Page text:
What is an open wound?

An open wound is an injury that involves an external or internal damage in the bodily tissues, usually the skin. Almost everyone has experienced an open wound at some point. Most cases are generally mild and can be managed at home.

Falls, vehicular accidents and mishaps involving sharp tools or objects are the usual causes of open wounds. In serious accidents, call for emergency assistance or seek immediate medical care especially if there is significant bleeding or if it lasts more than 20 minutes.

Management of open wounds

Home care for a minor wound

For minor open wounds, they can be managed at home. The first step is to cleanse and disinfect the wound to get rid of all the dirt and debris. Apply direct pressure and elevated the affected limb to control the bleeding and swelling.

open-wound

Apply direct pressure and elevated the affected limb to control the bleeding and swelling.

When bandaging the wound, utilize a sterile bandage or dressing. Make sure that the wound is clean and dry for 5 days. The individual should also get enough rest.

Since pain usually occurs along with any wound, you can provide a pain medication such as acetaminophen as directed on the packaging. Do not use any aspirin products since they can cause or prolong bleeding. Apply an ice pack if there is swelling or bruising.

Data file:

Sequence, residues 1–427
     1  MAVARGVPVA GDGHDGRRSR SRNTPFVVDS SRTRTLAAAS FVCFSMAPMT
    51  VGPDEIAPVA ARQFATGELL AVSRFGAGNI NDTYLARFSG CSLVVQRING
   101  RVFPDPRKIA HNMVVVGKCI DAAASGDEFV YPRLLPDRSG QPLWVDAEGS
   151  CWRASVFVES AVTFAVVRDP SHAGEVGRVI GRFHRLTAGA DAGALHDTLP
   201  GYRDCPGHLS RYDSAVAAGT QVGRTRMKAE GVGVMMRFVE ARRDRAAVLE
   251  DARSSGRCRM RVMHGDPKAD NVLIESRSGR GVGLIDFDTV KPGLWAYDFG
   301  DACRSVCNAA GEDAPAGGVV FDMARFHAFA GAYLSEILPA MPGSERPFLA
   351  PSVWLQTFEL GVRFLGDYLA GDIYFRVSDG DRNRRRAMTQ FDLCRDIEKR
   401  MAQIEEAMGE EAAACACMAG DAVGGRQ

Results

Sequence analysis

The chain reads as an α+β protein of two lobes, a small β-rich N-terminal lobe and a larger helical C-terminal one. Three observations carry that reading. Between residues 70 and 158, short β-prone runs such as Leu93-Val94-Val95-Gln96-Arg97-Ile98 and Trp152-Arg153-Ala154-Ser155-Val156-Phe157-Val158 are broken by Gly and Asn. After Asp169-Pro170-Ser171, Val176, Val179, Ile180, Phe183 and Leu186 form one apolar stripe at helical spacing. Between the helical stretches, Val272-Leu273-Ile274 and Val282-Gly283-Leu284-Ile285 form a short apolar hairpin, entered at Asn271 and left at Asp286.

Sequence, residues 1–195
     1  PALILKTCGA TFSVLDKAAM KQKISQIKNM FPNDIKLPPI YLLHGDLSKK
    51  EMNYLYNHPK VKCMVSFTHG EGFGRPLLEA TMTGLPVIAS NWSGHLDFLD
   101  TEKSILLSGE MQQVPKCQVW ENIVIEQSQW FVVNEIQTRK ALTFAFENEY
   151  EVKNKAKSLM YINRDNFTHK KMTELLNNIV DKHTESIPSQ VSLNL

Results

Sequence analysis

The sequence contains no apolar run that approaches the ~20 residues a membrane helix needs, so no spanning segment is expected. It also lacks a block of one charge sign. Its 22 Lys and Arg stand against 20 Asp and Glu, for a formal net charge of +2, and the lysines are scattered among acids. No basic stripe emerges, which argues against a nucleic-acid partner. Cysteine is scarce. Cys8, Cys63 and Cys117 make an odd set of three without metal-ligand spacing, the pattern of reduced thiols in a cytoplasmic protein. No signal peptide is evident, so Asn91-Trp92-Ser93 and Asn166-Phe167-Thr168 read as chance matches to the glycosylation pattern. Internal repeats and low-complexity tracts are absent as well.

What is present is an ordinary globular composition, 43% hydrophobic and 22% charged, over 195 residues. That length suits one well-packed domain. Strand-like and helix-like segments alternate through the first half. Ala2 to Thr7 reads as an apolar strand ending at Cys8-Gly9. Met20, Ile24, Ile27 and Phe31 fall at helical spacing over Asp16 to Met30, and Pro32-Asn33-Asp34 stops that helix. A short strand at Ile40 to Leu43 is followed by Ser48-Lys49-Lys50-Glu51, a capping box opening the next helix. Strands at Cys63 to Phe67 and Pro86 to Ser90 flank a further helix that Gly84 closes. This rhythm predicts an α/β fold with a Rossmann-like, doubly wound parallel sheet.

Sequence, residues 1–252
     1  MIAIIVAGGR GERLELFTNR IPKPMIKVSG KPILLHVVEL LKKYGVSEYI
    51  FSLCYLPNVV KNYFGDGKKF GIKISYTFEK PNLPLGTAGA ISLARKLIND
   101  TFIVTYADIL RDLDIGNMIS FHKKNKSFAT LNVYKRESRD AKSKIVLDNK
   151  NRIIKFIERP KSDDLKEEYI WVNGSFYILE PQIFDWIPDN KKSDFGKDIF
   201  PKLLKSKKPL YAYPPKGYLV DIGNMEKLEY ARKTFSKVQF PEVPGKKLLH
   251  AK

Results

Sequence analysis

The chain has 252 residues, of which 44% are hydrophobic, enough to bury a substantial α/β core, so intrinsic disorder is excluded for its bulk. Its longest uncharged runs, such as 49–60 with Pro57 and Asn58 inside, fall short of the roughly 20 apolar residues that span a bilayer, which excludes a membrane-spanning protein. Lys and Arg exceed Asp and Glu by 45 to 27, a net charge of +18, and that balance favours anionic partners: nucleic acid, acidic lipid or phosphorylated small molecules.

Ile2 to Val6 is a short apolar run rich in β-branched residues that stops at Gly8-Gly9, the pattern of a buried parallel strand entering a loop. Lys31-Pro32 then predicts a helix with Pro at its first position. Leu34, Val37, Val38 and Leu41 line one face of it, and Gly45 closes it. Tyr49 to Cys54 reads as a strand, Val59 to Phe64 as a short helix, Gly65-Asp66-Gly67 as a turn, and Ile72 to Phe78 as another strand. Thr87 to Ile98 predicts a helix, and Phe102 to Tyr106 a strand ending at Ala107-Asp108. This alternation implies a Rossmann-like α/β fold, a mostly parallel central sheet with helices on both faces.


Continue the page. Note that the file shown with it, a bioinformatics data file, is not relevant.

When spending time outdoors under the sun, apply a sunscreen with sun protection factor (SPF) over the area until it has fully healed.

Medical care

The doctor might utilize various techniques to manage open wounds. After cleansing and possibly numbing the affected area using an anesthetic, the doctor might close the wound with sutures, stitches or skin glue. A tetanus booster shot might be given if the individual has a puncture wound.

Pain medications might also be given as well as penicillin. Antibiotics are used if infection is present or there is high risk for developing one. In some instances, surgery might be required.

Upon leaving the doctor’s clinic, the wound might have bandages and dressings in place. When changing them, always wash hands and work on a clean surface. Make sure that the wound is disinfected and dry before placing fresh dressing.

When to consult a doctor

Even though some open wounds can be managed at home, a doctor should be consulted if:

  • An open wound is deeper than ½ inch
  • Bleeding could not be controlled with direct pressure
  • Bleeding lasts longer than 20 minutes
  • Bleeding is due to a significant accident or injury

Disclaimer / More Information

The information posted on this page on an open wound is for learning and educational purposes only. To learn to provide proper wound care for an open wound, register for first aid training at one of our training centers located throughout Canada. The training centers are in Edmonton, Calgary, Vancouver, Kelowna, Saskatoon, Victoria, Surrey, Mississauga, Winnipeg, Red Deer, Toronto, Ottawa and Halifax.

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